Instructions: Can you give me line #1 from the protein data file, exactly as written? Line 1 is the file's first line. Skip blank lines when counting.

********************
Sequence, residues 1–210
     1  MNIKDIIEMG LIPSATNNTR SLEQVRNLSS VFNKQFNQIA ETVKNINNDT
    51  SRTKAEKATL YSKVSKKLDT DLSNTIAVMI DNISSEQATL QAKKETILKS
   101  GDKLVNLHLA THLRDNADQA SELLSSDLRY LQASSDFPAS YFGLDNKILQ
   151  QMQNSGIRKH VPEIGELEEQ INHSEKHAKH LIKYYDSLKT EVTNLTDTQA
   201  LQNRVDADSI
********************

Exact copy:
Sequence, residues 1–210